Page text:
The text of Acts of Apostles says that they were all united, asking forgiveness to one another, loving one another and as it is said at the end of this same chapter: “And they devoted themselves to the apostles’ teaching and the fellowship, to the breaking of bread and the prayers. And awe came upon every soul, and many wonders and signs were being done through the apostles. And all who believed were together and had all things in common…” (Acts 2:42–47).
In the parasha Bemidbar we discover that the day of Shavuot in the desert (Bemidbar) can be considered as the day of birth of the Jewish people, in the same way, this day of Shavuot in Jerusalem was the day of birth of the Jewish movement of Yeshua the Messiah.
In the wilderness (Bemidbar) God gave to Israel his law, the Ten Commandments and by extension the Torah as a gift. God was preparing now a special gift for the followers of Yeshua on that special day of Shavuot.
Let’s remember God’s promise to Israel about a new covenant with Israel. Jeremiah said: “Behold, the days are coming, declares the L-rd, when I will make a new covenant with the house of Israel and the house of Judah … this is the covenant that I will make with the house of Israel after those days, declares the L-rd: I will put my law within them, and I will write it on their hearts.” (Jeremiah 31:31, 33). God wanted to engrave the Torah not anymore on stones, but in the heart of his people. Only the Ruach Elohim (spirit of God) has power to engrave the Torah in God’s people heart. That is why on Shavuot of the year 31 CE, a few days after the ascension of Yeshua to heaven, God revealed himself in a wonderful way giving the powerful gift preparing the talmidim of Yeshua, and the 108 people who were gathering in their own synagogue to celebrate Shavuot and to worship Him. “And suddenly there came from heaven a sound like a mighty rushing wind, and it filled the entire house where they were sitting. And divided tongues as of fire appeared to them and rested on each one of them. And they were all filled with the Holy Spirit…” (Acts 2:2–3).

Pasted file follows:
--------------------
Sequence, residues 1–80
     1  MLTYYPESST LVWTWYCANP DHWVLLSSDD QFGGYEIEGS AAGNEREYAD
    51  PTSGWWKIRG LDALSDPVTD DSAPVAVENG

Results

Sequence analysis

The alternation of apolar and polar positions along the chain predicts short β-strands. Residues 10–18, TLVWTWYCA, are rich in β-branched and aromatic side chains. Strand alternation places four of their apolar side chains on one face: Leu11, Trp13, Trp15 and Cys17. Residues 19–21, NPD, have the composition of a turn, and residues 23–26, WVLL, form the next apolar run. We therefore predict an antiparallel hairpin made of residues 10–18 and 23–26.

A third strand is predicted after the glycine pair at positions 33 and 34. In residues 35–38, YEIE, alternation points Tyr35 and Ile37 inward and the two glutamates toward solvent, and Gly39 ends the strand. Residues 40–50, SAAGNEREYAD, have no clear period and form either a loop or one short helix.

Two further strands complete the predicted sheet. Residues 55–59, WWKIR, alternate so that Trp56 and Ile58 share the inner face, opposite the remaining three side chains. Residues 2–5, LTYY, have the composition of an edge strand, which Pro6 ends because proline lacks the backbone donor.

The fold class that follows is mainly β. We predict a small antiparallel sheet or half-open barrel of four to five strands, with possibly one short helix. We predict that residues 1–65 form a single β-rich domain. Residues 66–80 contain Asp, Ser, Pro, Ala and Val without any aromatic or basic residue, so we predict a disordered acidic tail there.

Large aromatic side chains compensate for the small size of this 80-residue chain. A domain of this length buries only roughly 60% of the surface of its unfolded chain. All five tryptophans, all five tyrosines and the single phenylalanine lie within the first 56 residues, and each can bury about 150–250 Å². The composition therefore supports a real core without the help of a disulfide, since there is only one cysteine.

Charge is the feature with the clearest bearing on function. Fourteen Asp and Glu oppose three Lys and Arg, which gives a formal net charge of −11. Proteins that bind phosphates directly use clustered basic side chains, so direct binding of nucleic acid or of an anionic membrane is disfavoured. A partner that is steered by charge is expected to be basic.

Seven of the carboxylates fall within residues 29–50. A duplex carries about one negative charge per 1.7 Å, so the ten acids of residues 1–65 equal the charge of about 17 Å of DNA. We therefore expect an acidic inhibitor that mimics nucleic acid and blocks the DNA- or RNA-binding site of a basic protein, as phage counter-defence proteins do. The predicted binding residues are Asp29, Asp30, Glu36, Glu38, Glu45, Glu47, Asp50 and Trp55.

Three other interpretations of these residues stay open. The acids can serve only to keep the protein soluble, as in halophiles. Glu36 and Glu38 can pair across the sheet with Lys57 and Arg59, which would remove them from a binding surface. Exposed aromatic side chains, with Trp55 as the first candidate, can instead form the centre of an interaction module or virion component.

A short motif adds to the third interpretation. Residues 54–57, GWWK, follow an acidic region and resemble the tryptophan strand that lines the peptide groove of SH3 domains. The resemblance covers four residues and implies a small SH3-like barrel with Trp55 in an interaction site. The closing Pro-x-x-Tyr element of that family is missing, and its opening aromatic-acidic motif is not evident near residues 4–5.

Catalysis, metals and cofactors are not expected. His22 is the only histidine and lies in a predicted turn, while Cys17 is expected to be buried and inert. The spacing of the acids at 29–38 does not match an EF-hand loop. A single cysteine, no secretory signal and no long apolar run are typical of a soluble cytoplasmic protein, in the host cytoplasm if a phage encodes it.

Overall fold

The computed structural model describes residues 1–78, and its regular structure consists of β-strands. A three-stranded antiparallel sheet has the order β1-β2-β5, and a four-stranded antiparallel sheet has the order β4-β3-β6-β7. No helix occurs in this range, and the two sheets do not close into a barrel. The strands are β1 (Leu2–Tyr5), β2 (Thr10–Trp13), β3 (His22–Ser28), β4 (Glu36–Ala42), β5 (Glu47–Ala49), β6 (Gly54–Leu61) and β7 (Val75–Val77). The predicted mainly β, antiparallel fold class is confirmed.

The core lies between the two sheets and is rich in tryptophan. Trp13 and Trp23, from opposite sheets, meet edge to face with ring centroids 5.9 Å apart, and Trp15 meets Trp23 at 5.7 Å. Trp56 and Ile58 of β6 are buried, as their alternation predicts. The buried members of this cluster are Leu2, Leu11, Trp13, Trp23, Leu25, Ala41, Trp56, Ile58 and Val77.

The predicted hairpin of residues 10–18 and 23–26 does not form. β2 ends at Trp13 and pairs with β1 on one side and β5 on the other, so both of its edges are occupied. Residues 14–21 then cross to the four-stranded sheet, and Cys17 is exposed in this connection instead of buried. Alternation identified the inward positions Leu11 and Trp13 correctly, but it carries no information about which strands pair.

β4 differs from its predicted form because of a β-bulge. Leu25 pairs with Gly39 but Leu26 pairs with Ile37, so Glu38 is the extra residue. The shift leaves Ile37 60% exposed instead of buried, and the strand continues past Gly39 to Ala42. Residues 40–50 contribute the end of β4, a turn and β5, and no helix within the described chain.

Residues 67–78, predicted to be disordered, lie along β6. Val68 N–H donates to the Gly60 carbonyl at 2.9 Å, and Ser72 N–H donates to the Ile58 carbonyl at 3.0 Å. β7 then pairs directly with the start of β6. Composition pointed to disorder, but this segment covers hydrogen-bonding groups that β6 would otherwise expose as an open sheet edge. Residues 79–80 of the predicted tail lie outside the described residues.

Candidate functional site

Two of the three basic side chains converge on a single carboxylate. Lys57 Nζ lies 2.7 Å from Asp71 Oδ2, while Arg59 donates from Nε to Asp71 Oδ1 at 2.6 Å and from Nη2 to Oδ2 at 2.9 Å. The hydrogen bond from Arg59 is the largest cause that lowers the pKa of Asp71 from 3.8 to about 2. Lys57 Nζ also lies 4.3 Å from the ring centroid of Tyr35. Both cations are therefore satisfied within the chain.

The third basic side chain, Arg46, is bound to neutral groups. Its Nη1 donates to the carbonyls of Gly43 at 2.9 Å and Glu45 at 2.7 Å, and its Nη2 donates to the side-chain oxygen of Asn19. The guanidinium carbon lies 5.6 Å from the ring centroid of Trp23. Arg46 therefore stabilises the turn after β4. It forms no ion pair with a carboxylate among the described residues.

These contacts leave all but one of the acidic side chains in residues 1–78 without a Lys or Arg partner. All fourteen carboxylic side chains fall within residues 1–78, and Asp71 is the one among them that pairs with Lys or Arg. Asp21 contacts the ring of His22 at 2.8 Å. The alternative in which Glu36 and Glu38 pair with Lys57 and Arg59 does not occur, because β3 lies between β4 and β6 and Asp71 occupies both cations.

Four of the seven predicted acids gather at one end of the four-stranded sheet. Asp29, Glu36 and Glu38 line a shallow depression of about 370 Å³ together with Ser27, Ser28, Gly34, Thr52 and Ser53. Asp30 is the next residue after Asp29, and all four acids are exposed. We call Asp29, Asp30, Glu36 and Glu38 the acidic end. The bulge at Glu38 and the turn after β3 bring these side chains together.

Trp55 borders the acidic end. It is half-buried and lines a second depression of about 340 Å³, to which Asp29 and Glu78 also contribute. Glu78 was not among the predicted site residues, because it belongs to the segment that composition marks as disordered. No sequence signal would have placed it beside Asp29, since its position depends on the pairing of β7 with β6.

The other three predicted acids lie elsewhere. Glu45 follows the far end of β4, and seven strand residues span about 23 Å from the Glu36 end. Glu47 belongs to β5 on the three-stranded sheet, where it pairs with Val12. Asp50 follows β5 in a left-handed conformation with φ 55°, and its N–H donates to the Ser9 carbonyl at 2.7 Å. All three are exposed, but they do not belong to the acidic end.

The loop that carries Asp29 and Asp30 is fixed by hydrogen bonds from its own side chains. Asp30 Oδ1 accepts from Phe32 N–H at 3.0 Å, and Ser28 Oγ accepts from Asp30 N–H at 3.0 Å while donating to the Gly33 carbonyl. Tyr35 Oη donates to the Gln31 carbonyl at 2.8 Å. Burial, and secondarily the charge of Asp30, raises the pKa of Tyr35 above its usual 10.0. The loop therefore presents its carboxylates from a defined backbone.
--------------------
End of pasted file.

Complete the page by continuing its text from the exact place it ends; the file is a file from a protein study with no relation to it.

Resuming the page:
It is this Ruach Elohim the Ruach Ha-Kodesh (holy spirit) that gave them the courage to preach the good news of Yeshua in spite of the opposition of the leaders. It is this Ruach Ha-Kodesh that wrote the Torah in their heart and help them to understand the Torah and the Tanach that was inspired by the same spirit. As Rabbi shaul confirmed it: “All Scripture is inspired by God and useful for teaching, for reproof, for restoration, and for training in righteousness, so that the person belonging to God may be capable, fully equipped for every good deed.” (2 Timothy 3:16–17). Remembering that the Apostolic Writings did not exist at that time, All Scripture were the Tanach or Jewish Bible.
As the result of this pouring of the Ruach Ha-Kodesh upon the disciples, the first among them, Shim’on-Peter, delivered a drasha (sermon) about Yeshua to the Yerushalmites and the pilgrims who were gathered in Yerushalayim for Shavuot: “““Men of Israel, hear these words! Yeshua ha-Natzrati—a Man authenticated to you by God with mighty deeds and wonders and signs God performed through Him in your midst, as you yourselves know” (Acts 2:22). It is not our intent to report here the sermon of Peter in full, everyone can open his book of Acts of Apostles and read it. At the end of this drasha, the people of Jerusalem were touched in their heart and they asked: “Fellow brethren, what shall we do?” (Acts 2:37), Shim’on answered : “Peter said to them, ‘Repent, and let each of you be immersed in the name of Messiah Yeshua for the removal of your sins, and you will receive the gift of the Ruach ha-Kodesh. For the promise is for you and your children, and for all who are far away—as many as HASHEM our God calls to Himself.’” (Acts 2:38–39) as a result there was a great service of immersion in a Mikve of Jerusalem, certainly in Shiloah or Bethzatha, and 3,000 Jews accepted Yeshua on that day and were added to the new movement of Yeshua. It was the great start of this Jewish movement two thousand years ago.